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    The city is calm even though there are a lot of turists and the traffic isn’t chaotic. I was surprised by how many bikes I saw even though I knew the dutch people love to ride them. I rented a bike for a few hours and, except the fact that my hands were freezing because I didn’t have gloves, it was perfect: it is very safe to ride bicycle through the city and it is a great way to explore the neighbourhoods if you are new there. As for public transport you can choose between bus, tram, metro and train. I never used the metro and my favorite was the train because it is the fastest but mostly I used the bus. You can buy transportation cards from GVB company which allow you to travel by bus, tram or metro: for four days you have to pay 21,50 € and you can travel as much as you want.

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Five random yet interesting facts about Amsterdam:

  1. The canals that go through the city are longer than 100 km
  2. Some say there are more bicycles than people who live in the city
  3. There are approximately 2500 houseboats in Amsterdam; some of them are occupied by residents but some are available for rent to visitors
  4. Amsterdam’s buildings are supported by wooden poles  that sink through the mud and are fixed in a sandy layer
  5. Some people say Amsterdam is home to highest number of nationalities out of any city in Europe
Travel

Morocco – there is a first for anything

   There are two weeks since I arrived to Morocco and I am still learning to adapt. Fes is my new home and it is considered to be the cultural capital of the country.

   When I arrived here I expected to find a city that looks like the Medina that you can find photos of on the internet. I was a little bit disappointed to see that is not like that, that there are two different parts, Medina quarter and the New City which is nothing like the old one. Even though the city didn’t meet my expectations in the beginning, now I find myself falling in love with Fes everyday. It is an amazing combination between wild and peaceful, conservatory and relaxed, old and new. You can always find new places to explore so it is impossible to get bored but more about that soon.

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    Once you arrive one of the first things you will notice is the kindness of the local people. They have the best intentions and they will always try to help you. One thing you should avoid are the so called “illegal guides” whom you can find especially in Medina and who will ask you for money after they help you find the place you were looking for. As a tourist your safety is almost guaranteed here in Fes since tourism is an important income source for the city. Sometimes I feel like the authorities value the tourists more than the fassi people thing which I think it is not really ok: for example it happened that I was walking on the street with moroccan friends and a policeman stopped them and started to ask them several questions just to see if we were friends or if they were bothering me or wanted money from me.

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   Everyday I am learning new things about this amazing city and about moroccan and arabic culture so, as I said, I am falling in love with Fes more and more day by day.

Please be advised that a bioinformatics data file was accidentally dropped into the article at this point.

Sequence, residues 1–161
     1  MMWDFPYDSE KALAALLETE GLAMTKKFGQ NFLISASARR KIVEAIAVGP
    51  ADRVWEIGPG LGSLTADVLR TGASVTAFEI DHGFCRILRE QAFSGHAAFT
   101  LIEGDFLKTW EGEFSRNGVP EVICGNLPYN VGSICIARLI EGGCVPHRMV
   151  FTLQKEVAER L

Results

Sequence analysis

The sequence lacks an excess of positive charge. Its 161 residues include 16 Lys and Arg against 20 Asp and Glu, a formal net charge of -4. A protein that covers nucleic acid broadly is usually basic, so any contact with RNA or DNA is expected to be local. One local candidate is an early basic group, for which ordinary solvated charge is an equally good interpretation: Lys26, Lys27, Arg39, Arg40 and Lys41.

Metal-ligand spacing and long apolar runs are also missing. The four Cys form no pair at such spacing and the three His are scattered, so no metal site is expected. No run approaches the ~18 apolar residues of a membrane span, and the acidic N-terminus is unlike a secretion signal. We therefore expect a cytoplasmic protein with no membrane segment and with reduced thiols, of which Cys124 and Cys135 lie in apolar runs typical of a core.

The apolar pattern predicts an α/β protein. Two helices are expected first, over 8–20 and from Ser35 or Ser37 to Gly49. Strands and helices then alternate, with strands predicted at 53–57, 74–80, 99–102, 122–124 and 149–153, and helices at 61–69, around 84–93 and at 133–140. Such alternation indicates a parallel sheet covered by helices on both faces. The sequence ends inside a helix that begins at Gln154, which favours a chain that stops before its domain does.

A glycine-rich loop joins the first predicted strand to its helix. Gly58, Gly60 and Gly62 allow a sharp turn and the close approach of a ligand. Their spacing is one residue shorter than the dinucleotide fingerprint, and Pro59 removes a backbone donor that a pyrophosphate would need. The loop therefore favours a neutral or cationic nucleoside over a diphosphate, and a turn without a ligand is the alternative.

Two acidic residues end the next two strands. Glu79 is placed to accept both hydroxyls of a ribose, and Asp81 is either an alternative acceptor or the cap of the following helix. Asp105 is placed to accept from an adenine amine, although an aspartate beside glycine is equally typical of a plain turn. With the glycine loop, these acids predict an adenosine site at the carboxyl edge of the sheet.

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Travel

Plovdiv: Bulgaria’s Most Enjoyable City

   Since I spent two months in Bulgaria I decided to take the best out of it. I was involved in a project so I only had the weekends free and one free week at the end of the project. As you can guess, I decided to explore the country as much as possible.

   Of all the cities that I visited Plovdiv was my favorite. It is a city where you can go to spend a weekend with your family or you can go to have fun, it depends what are you looking for. Into it’s modern and people-friendly layout it has artfully incorporated its archaeological sites. The city is a beautiful mix of medieval/ Renaissance period buildings and modern ones. There are many remains preserved from antiquity such as the archaeological complex Eirene, the ancient Plovdiv Roman theatre, Roman odeon, Roman aqueduct, Roman Stadium and others. Of course, my favourite parts were the Old City and the pedestrian zone.

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   Not to forget, Plovdiv has evidence of habitation since the 6th millennium BC and it is considered to be one of the oldest cities in the world. The old name of the city was Philippopolis and it has 7 hills like Rome but, unfortunately, one of them was leveled during the communist regime. In 2014, Plovdiv was selected as the Bulgarian host of the European Capital of Culture 2019.

How I got there: Bus from Razgrad to Sliven (aprox. 166 km), bus rom Sliven to Plovdiv (aprox. 178 km)

Accommodation: East Gate Guest Rooms (2 nights), Hostel The House (1 night)

Things to see (my favourite ones): 

  1. The Old Town – amazing architecture

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2. Archaeological sites

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3. Pedestrian zone – you can find cafés and restaurants

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4. You should explore other parts of the city too, especially green areas (mini forests) and parks which are really beautiful